Head of the Class

With his grades and high school activities, Pablo is an ideal candidate for college, except for one hitch: He's illegal.

One night soon after the game, Pablo was at home eating beans and tortillas when the phone rang. It was a freshman member of ROTC who didn't understand what was involved in a parent-teacher conference. "You just have to take your parents, " Pablo explained. "Or your parents can go without you, if you don't want to go." He elaborated on the subject with his habitual kindness; it was easy to imagine how he'd reassured the confused freshman on the other end of the line. It was also obvious that Pablo had become a leader, an example of the best kind of young person that West High could produce.

Just the day before, Pablo had represented his school at a speech contest held by the Windsor Gardens Breakfast Optimists Club. In his speech, Pablo had glorified his parents. "I love my dad because of what I learned from him just by watching him," Pablo said. "The quality that stood out the most was his inner strength and his ability to just keep on keeping on. My father is a very frugal man, because he has had to work very hard for every dollar he has ever earned by performing manual labor in a variety of industries. The greatest gift my father has given me is the appreciation of getting a good education so that I will not have to work as hard as he has had to. It is no wonder that my parents' dream is for me to be the first person in our family ever to graduate from college."

Pablo had finished his very first college application that week, applying to DU early decision. He was planning to apply to Boston University, Loyola and Metro, as well. As he sat at the kitchen table, he riffled through a stack of mail beside his plate. There was a letter from DU. He raised his eyebrows; it seemed too soon to hear back from the school. Pablo ripped open the envelope and scanned the letter, which was two sentences long. A counselor had advised him to assert that he was a resident of the United States on the DU application form and simply leave the Social Security box blank. He'd done exactly as she'd advised. "Your application states that you are a permanent resident of the United States," the letter read. "In order to confirm this, please submit a copy of your alien registration or 'green card' as soon as possible."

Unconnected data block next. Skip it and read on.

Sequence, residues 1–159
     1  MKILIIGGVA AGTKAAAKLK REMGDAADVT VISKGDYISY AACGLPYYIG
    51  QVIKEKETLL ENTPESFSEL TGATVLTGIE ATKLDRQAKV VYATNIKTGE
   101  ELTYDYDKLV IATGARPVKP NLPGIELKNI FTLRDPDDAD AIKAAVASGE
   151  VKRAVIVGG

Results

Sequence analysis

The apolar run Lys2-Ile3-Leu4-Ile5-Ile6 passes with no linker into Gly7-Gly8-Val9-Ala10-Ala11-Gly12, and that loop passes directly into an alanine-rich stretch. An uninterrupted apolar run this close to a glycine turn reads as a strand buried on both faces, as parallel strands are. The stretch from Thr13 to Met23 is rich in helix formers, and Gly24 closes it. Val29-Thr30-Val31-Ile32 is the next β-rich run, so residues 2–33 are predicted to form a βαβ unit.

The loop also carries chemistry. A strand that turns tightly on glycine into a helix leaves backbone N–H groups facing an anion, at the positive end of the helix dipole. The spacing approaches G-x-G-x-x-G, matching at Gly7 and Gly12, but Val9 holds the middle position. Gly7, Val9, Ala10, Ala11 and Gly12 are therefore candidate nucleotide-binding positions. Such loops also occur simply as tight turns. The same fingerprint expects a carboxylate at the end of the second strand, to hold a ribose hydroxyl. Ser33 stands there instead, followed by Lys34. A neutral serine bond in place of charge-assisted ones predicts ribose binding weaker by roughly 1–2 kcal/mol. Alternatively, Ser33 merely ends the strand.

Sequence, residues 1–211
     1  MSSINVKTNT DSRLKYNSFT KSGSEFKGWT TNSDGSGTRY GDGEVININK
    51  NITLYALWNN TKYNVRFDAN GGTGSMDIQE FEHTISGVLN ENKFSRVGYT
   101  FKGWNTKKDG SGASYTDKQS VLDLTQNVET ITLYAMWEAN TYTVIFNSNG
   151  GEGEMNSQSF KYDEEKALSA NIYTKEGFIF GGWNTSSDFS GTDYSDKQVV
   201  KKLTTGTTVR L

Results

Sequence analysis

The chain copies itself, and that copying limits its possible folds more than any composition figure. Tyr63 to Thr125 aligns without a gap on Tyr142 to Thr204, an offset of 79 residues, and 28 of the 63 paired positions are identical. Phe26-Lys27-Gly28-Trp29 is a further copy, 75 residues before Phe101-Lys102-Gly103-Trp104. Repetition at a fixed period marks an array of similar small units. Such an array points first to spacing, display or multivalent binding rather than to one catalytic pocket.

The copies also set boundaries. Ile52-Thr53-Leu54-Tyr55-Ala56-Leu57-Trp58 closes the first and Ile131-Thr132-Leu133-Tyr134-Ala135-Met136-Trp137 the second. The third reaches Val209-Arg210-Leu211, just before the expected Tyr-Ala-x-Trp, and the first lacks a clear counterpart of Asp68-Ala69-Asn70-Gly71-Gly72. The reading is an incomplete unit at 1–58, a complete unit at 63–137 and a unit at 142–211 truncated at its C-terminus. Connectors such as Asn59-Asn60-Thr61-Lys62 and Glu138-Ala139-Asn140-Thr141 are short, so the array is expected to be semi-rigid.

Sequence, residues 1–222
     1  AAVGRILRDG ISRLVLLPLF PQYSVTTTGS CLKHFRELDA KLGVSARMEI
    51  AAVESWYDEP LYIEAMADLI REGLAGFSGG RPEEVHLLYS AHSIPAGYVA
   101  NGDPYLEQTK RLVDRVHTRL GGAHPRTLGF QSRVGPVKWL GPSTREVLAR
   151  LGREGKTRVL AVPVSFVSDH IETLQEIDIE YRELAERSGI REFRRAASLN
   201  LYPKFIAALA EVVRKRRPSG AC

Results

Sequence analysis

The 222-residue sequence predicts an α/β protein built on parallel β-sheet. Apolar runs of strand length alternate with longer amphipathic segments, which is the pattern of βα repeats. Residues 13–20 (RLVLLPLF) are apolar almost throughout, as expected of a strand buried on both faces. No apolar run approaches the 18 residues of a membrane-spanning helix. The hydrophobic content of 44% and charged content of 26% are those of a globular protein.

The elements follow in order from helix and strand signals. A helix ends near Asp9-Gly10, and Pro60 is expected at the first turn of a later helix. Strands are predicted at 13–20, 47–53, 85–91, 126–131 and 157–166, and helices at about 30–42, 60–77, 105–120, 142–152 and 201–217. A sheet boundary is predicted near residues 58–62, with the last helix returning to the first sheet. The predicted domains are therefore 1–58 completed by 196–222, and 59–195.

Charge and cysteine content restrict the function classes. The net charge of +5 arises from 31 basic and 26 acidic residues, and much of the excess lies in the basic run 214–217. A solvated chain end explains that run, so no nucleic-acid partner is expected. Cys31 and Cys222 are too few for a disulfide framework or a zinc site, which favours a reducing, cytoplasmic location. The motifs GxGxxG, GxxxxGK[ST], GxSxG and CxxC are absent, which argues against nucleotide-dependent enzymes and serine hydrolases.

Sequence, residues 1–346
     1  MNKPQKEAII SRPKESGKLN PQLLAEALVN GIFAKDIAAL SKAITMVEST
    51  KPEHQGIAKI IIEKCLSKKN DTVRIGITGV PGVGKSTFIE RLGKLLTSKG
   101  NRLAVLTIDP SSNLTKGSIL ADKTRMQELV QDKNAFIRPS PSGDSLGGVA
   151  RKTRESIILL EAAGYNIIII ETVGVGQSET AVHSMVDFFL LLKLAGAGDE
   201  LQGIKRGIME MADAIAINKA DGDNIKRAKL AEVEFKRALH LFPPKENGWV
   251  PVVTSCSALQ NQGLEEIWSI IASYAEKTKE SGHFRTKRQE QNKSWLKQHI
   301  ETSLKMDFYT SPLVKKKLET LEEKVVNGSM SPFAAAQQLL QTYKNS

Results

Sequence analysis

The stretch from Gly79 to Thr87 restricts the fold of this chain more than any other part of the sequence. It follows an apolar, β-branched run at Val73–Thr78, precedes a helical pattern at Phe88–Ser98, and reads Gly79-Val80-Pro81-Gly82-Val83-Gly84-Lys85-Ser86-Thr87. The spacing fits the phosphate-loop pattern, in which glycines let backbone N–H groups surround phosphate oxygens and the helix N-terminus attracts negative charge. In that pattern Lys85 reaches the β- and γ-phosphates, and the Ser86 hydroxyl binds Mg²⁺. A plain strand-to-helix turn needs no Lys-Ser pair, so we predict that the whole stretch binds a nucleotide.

"That's weird," Pablo said. Since he didn't have a green card, he decided to take the letter to school, where he could show it to a recruiter from DU. "She's inside the system," Pablo said.

Maybe she could help him figure out what to do next.

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